Life After Death
The idea of immortality will be studied in a academic institution, now that University of California–Riverside philosophy professor John Martin Fischer has received a large $5-million Templeton Grant, says an article, by Larry Gordon, in The Los Angeles Times.
Gordon writes about The Immortality Project:
Under his direction, scientists and theologians will be digging into such mysteries as whether humans should even aspire to eternal life in this world or another — and whether everlasting might just prove to be ever-boring. Plenty of non-academics think they have at least a glimmer of the truth. One man emailed Fischer to describe how his late feline seemed to move on to "another plane of existence." One man recalled how, near death after a motorcycle accident, he felt he "could walk forward to warmth and eternal comfort." Someone else contended that reincarnation can be "based on the laws of physics."
Fischer, an internationally recognized expert on such heady issues as free will and death's meaning, said he and his Immortality Project researchers won't be chasing the most kooky tips, hunting ghosts or attending seances to chat with the dead. But Fischer emphasized the need to keep an open mind, respect religious traditions and apply strict scientific standards to research on near-death experiences, possible forms of eternal life and how belief in heaven affects earthbound behavior.
"These questions have been great traditional questions in human literature, religion and philosophy for millennia," he said. "We do not think we are going make revolutionary advances that completely solve these problems. What we hope to do is to make progress toward understanding these issues better even if we can't completely answer them."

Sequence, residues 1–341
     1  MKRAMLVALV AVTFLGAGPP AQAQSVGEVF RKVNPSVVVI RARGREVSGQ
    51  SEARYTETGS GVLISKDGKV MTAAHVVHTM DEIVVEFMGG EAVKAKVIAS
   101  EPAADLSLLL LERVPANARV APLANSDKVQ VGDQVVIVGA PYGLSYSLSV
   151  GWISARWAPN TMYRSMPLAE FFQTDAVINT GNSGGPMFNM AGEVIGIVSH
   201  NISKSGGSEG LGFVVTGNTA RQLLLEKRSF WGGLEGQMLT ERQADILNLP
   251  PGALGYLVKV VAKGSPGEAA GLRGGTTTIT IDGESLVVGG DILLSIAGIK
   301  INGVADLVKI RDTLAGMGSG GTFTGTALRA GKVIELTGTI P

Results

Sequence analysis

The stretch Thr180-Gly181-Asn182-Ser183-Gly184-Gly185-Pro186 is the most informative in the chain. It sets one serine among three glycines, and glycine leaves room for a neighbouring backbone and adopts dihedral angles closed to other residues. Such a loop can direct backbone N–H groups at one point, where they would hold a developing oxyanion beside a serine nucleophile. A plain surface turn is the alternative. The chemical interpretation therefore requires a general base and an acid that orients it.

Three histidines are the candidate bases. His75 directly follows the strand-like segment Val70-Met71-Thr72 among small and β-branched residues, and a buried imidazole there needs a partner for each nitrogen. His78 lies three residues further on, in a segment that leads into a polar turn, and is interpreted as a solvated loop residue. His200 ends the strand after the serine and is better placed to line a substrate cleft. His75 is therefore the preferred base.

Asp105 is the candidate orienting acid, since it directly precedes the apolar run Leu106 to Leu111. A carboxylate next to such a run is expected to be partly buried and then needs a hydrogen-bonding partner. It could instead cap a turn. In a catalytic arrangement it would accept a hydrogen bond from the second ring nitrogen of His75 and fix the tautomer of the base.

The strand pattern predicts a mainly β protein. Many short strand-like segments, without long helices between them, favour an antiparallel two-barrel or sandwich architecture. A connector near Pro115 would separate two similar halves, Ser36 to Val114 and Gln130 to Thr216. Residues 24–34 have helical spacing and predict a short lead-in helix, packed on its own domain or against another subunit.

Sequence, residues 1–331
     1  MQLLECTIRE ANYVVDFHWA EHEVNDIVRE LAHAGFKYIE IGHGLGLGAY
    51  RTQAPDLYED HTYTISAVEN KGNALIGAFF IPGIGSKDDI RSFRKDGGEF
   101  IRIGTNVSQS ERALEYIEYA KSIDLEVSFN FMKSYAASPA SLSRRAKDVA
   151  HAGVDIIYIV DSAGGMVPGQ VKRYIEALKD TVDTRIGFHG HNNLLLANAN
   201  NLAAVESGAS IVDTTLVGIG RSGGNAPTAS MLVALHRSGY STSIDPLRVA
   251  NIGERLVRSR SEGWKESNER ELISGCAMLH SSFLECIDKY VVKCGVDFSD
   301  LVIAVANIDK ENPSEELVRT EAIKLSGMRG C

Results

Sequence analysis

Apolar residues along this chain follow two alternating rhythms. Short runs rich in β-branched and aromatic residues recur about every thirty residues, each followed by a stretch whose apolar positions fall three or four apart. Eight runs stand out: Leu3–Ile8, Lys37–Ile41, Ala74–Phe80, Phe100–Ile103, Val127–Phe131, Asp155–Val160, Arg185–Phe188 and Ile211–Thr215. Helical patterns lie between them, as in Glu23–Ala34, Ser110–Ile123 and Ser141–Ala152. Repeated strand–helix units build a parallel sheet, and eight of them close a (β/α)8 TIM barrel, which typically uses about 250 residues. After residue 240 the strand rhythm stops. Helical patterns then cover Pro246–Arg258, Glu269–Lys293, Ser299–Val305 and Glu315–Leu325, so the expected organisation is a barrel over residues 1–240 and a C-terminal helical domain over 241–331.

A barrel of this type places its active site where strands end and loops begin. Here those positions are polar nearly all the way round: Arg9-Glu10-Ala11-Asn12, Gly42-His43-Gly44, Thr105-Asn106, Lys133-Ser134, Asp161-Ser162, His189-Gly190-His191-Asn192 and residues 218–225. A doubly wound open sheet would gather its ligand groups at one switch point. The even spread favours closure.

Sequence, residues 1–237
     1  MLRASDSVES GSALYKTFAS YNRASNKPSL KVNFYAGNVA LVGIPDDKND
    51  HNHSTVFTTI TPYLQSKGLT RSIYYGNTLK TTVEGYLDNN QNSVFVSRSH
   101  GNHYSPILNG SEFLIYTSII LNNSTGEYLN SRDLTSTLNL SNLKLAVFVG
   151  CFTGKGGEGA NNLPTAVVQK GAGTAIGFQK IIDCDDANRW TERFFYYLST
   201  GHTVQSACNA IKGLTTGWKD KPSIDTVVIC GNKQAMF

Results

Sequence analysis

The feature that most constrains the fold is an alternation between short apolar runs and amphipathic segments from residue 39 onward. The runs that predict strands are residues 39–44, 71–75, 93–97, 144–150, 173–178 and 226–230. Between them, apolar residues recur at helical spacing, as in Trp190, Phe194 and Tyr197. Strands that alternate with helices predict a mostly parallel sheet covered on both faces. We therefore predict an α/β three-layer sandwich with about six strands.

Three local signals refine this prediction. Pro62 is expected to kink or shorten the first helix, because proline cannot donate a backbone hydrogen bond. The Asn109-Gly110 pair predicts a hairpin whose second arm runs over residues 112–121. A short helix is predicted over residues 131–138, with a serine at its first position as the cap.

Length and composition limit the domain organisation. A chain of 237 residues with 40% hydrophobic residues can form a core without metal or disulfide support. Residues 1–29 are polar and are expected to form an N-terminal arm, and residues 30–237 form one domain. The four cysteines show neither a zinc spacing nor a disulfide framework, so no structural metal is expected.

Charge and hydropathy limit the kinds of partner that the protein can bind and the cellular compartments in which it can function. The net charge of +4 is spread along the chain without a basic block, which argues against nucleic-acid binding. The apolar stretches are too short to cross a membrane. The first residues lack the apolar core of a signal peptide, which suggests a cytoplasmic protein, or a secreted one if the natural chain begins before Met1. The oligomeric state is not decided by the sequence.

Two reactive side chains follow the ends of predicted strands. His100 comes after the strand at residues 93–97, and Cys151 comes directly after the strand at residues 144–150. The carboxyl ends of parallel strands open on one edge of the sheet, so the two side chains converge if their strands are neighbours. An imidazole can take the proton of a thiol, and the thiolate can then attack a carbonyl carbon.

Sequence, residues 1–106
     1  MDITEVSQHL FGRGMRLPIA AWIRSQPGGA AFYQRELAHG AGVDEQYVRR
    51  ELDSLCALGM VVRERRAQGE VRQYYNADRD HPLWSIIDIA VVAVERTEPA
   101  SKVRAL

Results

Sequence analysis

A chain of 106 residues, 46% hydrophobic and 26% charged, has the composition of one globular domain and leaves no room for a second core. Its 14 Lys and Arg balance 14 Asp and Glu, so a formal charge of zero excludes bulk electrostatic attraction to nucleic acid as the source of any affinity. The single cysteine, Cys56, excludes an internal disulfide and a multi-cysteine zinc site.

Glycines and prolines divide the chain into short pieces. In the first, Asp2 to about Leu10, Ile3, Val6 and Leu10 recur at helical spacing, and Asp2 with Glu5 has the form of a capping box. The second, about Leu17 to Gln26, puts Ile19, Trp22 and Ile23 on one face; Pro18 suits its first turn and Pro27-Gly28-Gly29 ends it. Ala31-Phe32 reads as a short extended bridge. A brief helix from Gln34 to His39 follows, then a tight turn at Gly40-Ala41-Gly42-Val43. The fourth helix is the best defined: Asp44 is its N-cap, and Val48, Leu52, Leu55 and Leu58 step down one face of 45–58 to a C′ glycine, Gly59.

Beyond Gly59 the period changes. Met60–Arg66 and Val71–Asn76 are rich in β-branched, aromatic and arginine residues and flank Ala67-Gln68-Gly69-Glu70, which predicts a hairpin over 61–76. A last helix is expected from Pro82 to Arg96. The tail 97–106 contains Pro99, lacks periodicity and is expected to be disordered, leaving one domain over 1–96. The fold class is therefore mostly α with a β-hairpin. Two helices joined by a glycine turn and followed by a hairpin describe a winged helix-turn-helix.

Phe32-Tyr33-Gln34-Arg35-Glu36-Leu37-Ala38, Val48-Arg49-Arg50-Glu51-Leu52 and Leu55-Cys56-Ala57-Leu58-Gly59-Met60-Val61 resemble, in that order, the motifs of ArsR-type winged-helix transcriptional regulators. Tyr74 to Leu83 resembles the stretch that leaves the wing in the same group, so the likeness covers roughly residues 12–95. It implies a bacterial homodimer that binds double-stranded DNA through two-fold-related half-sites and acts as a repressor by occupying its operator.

It might seem a peculiar project for an atheist who considers the afterlife unlikely (although he won't rule it out, and is particularly interested in the Buddhist concept of rebirth). Fischer, 60, grew up in a Jewish family in San Jose and struggled as a teenager to comprehend his grandfather's murder by the Nazis during the Holocaust. "How could God allow so much suffering in the universe?" he recalls asking.Such is a valid yet unanswerable question, at least finding an answer that will completely satisfy a questioning individual .I sense that a good part of the project's goal is to determine the effects on individuals, here on earth, who hold a strong belief in the after-life. Thoughts focused on heaven and a "perfect world," or Paradise, might make individuals carry greater concern about a future life than to build a better one here.
That is, their interest in the earthly life, and improving humanity's lot, becomes secondary to what they believe is their ultimate purpose. And, then, there's the suicide bombers, who believe in other ways to achieve immortality. Destructive inhumane ways.
You can find out more about the Immortality Project here; and read the rest of the article at [LA Times]